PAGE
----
I went to the strangest press conference today. Ed Lee was there; so was Ben Metcalf, who is Gov. Jerry Brown’s director of housing and community development. We met at SPUR’s downtown headquarters, at a little after 11am.

There were only a handful of reporters – me, J.K. Dineen from the Chron, Liam Dillon from the LA Times. Kim Mai Cutler showed up late.

Ben Metcalf, the Guv's housing guy, and Mayor Ed Lee talk about limiting local control over development
Ben Metcalf, the Guv’s housing guy, and Mayor Ed Lee talk about limiting local control over development

And it wasn’t clear why we were really there – except that for the past couple of hours, Lee, Metcalf, and a group of “stakeholders” (mostly big nonprofit housing developers like Bridge, the Bay Area Council, and the pro-any-kind-of-development Housing Action Coalition, and the law firm of Holland and Knight, which represented a tech startup illegally using space in Chinatown) had been meeting privately to figure out how to promote the governor’s plan to allow developers to build housing without the normal community oversight.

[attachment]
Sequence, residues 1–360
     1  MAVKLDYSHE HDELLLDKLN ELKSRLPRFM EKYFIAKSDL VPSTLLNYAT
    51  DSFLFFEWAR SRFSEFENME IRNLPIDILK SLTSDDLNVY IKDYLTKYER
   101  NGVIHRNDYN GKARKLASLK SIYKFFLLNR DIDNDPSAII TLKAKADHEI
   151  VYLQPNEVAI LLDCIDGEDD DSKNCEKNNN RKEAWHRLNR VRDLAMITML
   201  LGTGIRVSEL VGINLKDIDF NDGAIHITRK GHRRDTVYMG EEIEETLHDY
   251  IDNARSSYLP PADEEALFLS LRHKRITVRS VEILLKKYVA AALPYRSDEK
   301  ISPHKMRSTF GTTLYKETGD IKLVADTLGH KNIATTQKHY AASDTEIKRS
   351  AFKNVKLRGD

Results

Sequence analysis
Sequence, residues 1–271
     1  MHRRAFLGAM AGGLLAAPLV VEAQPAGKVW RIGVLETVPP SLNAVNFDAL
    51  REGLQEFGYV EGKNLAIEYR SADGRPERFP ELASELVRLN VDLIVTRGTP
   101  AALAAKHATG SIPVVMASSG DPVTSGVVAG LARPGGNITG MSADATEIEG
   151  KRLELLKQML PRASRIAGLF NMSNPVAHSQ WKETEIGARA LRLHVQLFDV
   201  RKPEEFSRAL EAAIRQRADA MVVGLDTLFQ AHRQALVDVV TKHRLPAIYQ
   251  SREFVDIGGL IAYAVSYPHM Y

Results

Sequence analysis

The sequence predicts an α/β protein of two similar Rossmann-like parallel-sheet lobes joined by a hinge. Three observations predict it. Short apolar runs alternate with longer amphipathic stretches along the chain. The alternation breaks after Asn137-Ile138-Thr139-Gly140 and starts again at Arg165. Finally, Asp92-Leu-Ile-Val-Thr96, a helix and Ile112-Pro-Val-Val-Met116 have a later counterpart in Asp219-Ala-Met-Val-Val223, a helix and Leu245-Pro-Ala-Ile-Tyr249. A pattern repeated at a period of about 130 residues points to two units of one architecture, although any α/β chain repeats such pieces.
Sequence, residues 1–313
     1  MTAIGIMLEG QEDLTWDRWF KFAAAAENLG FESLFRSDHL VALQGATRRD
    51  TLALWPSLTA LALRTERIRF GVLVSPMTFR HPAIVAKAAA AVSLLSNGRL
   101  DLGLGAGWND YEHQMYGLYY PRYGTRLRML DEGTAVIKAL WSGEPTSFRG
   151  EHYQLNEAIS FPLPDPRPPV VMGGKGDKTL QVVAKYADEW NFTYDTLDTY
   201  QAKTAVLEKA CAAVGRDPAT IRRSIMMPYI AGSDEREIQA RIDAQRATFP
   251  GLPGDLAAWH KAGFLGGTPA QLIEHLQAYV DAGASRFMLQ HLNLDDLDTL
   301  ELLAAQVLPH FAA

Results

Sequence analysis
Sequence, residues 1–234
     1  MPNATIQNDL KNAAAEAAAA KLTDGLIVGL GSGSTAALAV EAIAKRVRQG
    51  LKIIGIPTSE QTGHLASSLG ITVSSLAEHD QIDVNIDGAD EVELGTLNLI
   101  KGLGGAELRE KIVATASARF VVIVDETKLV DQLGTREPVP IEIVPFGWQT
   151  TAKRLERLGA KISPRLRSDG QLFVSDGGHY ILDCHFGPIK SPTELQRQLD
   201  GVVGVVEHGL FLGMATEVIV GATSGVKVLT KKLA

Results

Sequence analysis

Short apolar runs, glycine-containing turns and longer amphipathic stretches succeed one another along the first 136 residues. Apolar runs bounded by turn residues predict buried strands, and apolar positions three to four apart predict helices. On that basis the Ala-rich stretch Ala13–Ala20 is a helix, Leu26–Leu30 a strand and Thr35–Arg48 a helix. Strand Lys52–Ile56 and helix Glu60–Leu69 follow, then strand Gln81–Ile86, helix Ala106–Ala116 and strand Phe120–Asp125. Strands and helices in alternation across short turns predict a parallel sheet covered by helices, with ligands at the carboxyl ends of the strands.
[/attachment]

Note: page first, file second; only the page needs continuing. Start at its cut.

The measure has been pending in the state Legislature, but community housing groups all over the state have tried to slow it down. It would override local laws and allow anyone who wants to build any type of housing to do that “by right” if it complies with existing zoning and has a tiny minimum of affordable housing – wiping out the ability of community groups to try to cut better deals with developers.

“While this proposal claims to merely streamline the approval process for housing projects, it will in fact cause significant negative impacts on the environment, jobs, working and low-income neighborhoods, and the public’s right to participate in decisions impacting their everyday lives,” a statement issued today by ten community groups, including ACCE California, the Chinatown Community Center, Tenants Together, the Council of Community Housing Organizations, and Public Advocates, noted.